In this blog the emphasis is simply on the ‘best’ DSLR cameras that are currently available in terms of video spec, handling and the strength of the system. But don’t be afraid to try out other cameras if you don’t see what you’ve already been considering mentioned here. So, without further ado, here’s our ‘top five’ picks of the best DSLRs for video shooting.
The best DSLRs for video you can buy today
This 45.7-megapixel model is a full-frame DSLR that can shoot 4K UHD video at 30p, 25p and 24p frame rates and Full HD 1080p at 60p. It captures 4K video with no crop factor (that’s a big bonus), so any Nikon F-mount/compatible lenses used with it will have the same angle of view for video as they do for stills. A notable video plus point is the D850’s ability to output clean, 4:2:2 8-bit 4K video to external recorders.
However, it has no log modes so that cuts down the dynamic range, and subsequent editing flexibility, that the D850 is capable of. With a contrast-detect AF system the camera may be a tad slow to focus for video but it does offer good quality video.
It scores big on 4K output options, the lack of a crop factor and a high-res tilting touchscreen, but is slightly let down by the lack of log.
Canon EOS 5D Mark IV
With a lineage that goes back to the aforementioned groundbreaking EOS 5D Mark II the 5D Mark IV remains an excellent DSLR option for shooting video. The camera can capture 4K footage at 30p, 25p and 24p, BUT there is a significant crop factor of 1.74x because the whole width of the full-frame sensor is not used for video.
The Mark IV supports Canon’s Log Gamma mode to give an extended dynamic range, but this has to be upgraded at a Canon service centre. Whilst the camera can record 4K to internal memory cards it can only output Full HD to an external HDMI recorder. The quality of the video is very good and it’s fair to say that the camera remains the best current 4K DSLR from the Canon stable.
With a 24.2 megapixel APS-C CMOS sensor the D5600 offers a 3.2-inch vari-angle touchscreen display that flips out to let you shoot video at different angles. It has a built-in timelapse movie mode and offers
Full HD 1080p video shooting, which is more than enough if you are using it to shoot non-broadcast video. Full HD 1080p shooting operates at up to 60 frames per second, so you can capture moving subjects quite easily.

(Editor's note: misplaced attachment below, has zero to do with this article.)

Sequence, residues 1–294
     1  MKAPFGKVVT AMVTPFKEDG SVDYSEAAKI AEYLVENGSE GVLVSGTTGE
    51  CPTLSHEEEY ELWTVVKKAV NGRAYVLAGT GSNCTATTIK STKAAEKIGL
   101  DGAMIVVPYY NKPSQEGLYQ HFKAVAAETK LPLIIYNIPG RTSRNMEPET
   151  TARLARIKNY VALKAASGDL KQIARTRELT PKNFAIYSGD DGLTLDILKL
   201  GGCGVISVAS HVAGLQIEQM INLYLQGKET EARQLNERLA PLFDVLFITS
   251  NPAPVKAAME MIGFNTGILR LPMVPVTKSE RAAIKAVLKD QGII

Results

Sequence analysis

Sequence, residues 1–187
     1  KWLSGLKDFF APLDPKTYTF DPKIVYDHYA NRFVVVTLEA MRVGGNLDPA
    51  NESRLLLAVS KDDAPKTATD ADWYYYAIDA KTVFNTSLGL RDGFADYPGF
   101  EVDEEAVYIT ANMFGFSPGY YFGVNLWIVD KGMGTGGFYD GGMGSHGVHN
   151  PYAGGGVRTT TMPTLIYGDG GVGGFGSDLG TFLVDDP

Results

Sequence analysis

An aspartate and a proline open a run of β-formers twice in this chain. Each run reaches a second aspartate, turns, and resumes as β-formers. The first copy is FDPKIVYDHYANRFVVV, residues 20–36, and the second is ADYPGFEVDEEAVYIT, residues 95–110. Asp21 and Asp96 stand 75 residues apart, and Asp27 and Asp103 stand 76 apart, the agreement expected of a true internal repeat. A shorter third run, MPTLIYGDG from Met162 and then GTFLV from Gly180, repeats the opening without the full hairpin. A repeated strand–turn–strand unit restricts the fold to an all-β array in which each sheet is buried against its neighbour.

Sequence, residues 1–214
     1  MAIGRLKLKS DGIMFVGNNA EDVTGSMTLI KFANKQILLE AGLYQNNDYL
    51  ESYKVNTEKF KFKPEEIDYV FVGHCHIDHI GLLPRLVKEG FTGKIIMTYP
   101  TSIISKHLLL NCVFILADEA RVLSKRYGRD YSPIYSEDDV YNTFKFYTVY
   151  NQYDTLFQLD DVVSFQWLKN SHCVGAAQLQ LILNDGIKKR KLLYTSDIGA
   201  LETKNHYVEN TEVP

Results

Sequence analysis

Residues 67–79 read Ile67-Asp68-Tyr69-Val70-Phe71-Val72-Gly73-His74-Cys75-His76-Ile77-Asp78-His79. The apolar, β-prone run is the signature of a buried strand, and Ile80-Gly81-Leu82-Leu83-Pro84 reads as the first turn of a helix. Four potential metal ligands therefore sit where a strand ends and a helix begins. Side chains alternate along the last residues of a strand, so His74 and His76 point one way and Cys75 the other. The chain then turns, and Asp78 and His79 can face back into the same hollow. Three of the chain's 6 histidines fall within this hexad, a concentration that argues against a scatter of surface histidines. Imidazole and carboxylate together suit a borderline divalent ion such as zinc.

With a deep handgrip it is very comfortable to handle and keep steady for shooting movies when moving the camera. It’s arguably more of a stills-oriented camera but if you plan to combine both stills and video for personal projects, or even some commercial video projects, it is quite capable.
Canon EOS 80D
Much like the Nikon’s D5600 the EOS 80D offers a 24.2 megapixel sensor and an APS-C format sensor. It incorporates Canon’s Dual Pixel CMOS AF system that has 45 phase detection points, which is a great help for detecting and autofocusing on subjects in videos.
To put it another way, you get smooth AF tracking of subjects in Live View. The movie resolution is Full HD 1080p (1920×1080) at up to 60p. It includes an external mic port, an HDMI mini port and AV digital out terminals.
Amongst the video armoury is what’s known as the ‘Video Snapshot’ feature – it allows you to ‘grab’ short videos with minimal set-up. Probably the only downside is you can’t customise the menu, but it is an excellent choice for video shooting at an affordable price.
This lightweight model includes a 20.9 megapixel sensor and can record video footage in 4K UHD as well as 1080p. The 3.2-inch 922,000-dot rear LCD screen has a tilting design that enables video shooting at many angles. The screen also has a Touch AF system that can be used for either still images or video recording.
The 4K resolution that the D7500 can record is of high quality. The camera also has built-in WiFi and Bluetooth options for transfer of videos and photos to mobile devices.
On the downside is the fact that the 4K video available is cropped but the camera does have strong AF options and high quality video playback. It’s affordable and is arguably the best 4K ‘entry DSLR’ currently on the market.
Other DSLRs to consider for video
It doesn’t take a genius to work out that Canon and Nikon dominate the video options in the current DSLR market. That’s down to two key factors – the longevity of their systems and video innovations coupled with a movement in the video camera market towards other options, such as mirrorless models and action cameras. Both of those camera sectors will be examined in future ‘best buys for video’ blogs…
The five DSLRs suggested here are simply guides to some of the best models that are out there. If your budget doesn’t match these take time to shop around and find a camera that best suits your video needs and is the most comfortable for you to handle.
For example, you may decide to look at cameras such as Canon’s EOS 250D, which offers 4K shooting at under £600. In any case, remember to take your time to choose what suits you best in terms of spec and your video skill set before you part with your hard-earned cash.